Even though the 2020 running of the UConn Health Half Marathon, 10K and 5K is taking a nontraditional route, runners will cover distances that, for many of them, require some training.
Instead of a single time and place to for the participants to run together, they’ll run on their own at a time and place of their choosing between June 4 and June 7, and record their times on an online platform the Hartford Marathon Foundation is providing.
But no matter when and where, 13.1 miles is still 13.1 miles. And preparing for that run during a pandemic comes with some new precautions to take.
Not the least of which is the continuation of the mantra we’ve been hearing for months now: social distancing. While it’s reasonable to run without facial covering to maintain breathing efficiency, it’s only responsible to do so when keeping a safe distance.
“I tell people, adding a little extra distance than 6 feet from other people would be the way to go, maybe doubling that, 12 feet, giving yourself a little extra gap between people is an added safety measure,” says Dr. David Banach, UConn Health’s hospital epidemiologist. “And if you’re going to be in an area where you’re going to be close to others, if there’s traffic or you’re running up to an intersection, then having a mask you can flip up if needed is an extra layer of caution.”
The extra distance is less about the risk of perspiration landing on a passer-by and more about the heavy breathing during exercise that possibly could propel our droplets beyond the 6-foot radius.
Absent a consensus set of exercise-induced symptoms associated with COVID-19, and with much still not understood about this coronavirus, the practice of listening to your body perhaps has added importance.
“It’s helpful to know what level of fatigue you’d expect after a long run, what level of joint pain you’d expect to have,” Banach says. “And then if you start to see things that are unusual or beyond expectation, that would raise a red flag that there’s something else going on.”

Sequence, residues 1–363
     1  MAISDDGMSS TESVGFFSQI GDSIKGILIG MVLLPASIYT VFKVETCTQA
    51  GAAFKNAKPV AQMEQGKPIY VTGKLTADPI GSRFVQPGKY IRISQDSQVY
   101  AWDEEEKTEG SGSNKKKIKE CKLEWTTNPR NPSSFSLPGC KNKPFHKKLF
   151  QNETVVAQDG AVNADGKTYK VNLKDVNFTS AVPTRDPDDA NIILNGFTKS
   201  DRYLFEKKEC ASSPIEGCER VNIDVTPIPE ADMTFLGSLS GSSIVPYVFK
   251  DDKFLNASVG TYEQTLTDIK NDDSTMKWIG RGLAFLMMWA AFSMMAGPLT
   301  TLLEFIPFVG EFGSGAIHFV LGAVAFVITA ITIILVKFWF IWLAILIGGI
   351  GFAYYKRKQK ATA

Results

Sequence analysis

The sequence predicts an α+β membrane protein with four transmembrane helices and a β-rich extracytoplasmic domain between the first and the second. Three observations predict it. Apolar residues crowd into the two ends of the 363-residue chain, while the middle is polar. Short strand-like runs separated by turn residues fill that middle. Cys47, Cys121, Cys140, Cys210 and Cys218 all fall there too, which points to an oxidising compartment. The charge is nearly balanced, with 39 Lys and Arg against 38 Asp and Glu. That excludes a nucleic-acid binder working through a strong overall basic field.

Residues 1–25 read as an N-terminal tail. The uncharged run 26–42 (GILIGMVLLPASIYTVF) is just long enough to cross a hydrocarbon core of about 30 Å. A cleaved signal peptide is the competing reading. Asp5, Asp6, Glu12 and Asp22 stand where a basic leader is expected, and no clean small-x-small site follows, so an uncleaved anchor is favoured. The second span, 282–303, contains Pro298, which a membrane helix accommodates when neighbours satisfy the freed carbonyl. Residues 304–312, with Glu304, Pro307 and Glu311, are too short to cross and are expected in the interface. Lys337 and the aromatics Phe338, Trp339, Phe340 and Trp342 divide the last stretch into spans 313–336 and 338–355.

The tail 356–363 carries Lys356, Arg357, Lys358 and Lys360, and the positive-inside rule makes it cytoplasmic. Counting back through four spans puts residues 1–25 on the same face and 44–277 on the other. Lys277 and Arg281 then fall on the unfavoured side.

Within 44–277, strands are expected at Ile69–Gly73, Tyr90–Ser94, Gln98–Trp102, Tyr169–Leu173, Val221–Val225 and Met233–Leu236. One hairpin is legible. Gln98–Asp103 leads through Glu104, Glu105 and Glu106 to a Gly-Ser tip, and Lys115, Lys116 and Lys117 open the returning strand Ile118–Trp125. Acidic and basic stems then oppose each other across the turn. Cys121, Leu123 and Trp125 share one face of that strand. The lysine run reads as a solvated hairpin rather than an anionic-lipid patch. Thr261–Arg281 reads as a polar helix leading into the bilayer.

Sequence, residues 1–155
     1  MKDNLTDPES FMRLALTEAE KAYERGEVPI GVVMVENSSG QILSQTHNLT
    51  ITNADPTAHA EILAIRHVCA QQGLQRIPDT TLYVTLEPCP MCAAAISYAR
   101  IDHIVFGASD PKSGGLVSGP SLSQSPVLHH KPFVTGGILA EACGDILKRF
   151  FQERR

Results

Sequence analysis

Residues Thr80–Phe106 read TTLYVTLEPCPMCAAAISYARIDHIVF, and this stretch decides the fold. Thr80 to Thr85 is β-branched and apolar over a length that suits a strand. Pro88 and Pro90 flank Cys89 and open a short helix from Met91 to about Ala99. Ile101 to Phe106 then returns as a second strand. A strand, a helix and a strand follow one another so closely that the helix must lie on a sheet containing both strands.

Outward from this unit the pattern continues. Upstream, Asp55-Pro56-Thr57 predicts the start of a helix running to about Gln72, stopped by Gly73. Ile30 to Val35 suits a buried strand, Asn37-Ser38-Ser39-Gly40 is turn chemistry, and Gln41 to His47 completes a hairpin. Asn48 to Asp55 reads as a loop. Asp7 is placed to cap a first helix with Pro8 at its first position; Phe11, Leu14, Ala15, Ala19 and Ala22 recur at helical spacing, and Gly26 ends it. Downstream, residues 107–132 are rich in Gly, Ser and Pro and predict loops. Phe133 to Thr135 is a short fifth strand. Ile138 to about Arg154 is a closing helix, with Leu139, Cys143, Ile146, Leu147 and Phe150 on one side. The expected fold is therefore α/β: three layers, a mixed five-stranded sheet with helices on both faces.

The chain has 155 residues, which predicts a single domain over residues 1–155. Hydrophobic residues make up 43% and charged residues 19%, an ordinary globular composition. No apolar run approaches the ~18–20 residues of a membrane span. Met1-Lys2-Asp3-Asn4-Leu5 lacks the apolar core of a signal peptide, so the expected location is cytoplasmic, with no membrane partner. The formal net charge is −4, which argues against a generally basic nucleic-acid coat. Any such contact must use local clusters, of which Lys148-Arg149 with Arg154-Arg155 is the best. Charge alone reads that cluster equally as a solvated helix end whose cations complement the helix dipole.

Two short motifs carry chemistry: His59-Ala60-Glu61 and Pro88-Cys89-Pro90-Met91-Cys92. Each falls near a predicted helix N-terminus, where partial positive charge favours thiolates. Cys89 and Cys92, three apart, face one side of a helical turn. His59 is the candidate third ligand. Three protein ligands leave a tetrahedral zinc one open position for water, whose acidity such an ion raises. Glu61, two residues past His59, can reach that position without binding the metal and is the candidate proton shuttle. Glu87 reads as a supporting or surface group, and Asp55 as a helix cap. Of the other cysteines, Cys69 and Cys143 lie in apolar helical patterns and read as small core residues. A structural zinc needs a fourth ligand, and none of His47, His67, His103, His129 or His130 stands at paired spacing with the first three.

Perspiration on clothing has not been shown to make someone more likely to expose others to infection. But if while on your run you want to stop at a convenience store for a drink, that’s the time to put the mask on again. That recommendation applies globally, whether you’re training for a competitive race, exercising at a more casual pace, or not exercising at all.
“If you’re sick, try to avoid any sort of contact,” Banach says. “For asymptomatic people, wear that mask or face covering when in the proximity of other people. That’s the best way to prevent the spread of infection.”
If you have a running partner you don’t live with, the best approach is to find a path where you can distance yourselves from each other, such on opposite sides of streets that don’t get much traffic. Otherwise, running solo is safest.
Pandemic or not, other best practices for training for a distance running event would apply.
“Make sure that there’s at least some medical clearance, are they cardiovascularly fit enough to do what they intend to do,” says Dr. Matthew Hall, an injury prevention expert with UConn Health’s Orthopedics and Sports Medicine practice in Storrs. “Depending on their medical history, they may need further cardiac testing workups to be sure they can safely return to whatever level of exercise they’re planning on doing.”
When training or getting back into shape, Hall recommends having realistic expectations, going at a safe pace, and giving yourself enough time to slowly build up your fitness.
“A lot of patients say, ‘I’m going to run this half marathon on this date or this 10K on this date,’ and they maybe haven’t even started to jog or run at all,” Hall says. “So they have a very specific timeline, and if they fall off that timeline a little bit, their tendency is to push things too fast and they end up with overuse problems, tendonitis, stress fracture, or a flare-up of some underlying degenerative problem like arthritis.”
But you don’t have to be in training for competitive distance running to benefit from regular exercise, and both Hall and Banach encourage their patients to break a sweat.
“Getting outside, exercising – whether it’s inside or whether it’s outside – I think is even more important, obviously for physical health and cardiovascular health, but really from a mental health standpoint, because I think all of us struggle with how our daily lives have been disrupted,” Hall says.
Banach, himself a runner who plans to run the 10K in the UConn Health event, says outdoor exercising has always been his preference. That’s the case even more so this year.
“Maintaining your nutrition and overall health is important in preventing illness, and physical activity’s going to be a part of that,” he says. “It’s more difficult to do that indoors, being constricted by space limitations. But now that you can get outside, I tell my patients that outdoor activity is the way to go.”